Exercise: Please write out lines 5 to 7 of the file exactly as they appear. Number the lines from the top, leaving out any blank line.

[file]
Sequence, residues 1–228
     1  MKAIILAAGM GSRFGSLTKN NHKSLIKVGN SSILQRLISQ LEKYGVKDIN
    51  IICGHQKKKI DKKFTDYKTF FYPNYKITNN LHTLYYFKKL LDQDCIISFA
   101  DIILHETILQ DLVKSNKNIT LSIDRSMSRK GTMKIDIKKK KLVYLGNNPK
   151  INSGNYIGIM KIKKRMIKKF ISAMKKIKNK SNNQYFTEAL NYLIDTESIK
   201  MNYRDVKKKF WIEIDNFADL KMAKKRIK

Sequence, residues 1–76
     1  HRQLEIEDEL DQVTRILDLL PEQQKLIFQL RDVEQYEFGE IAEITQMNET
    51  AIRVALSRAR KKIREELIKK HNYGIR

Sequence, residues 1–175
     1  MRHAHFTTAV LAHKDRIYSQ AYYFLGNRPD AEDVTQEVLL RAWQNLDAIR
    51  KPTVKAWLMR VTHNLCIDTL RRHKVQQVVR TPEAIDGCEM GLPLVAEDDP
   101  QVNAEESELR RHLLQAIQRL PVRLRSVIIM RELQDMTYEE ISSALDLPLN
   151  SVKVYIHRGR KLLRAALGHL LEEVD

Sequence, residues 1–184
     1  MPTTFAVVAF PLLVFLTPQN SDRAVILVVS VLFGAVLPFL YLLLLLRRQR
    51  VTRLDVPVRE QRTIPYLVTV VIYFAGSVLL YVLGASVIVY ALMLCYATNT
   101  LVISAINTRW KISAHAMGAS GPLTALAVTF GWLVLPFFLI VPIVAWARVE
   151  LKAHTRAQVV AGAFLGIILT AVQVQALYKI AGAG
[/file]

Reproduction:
   151  INSGNYIGIM KIKKRMIKKF ISAMKKIKNK SNNQYFTEAL NYLIDTESIK
   201  MNYRDVKKKF WIEIDNFADL KMAKKRIK

Sequence, residues 1–76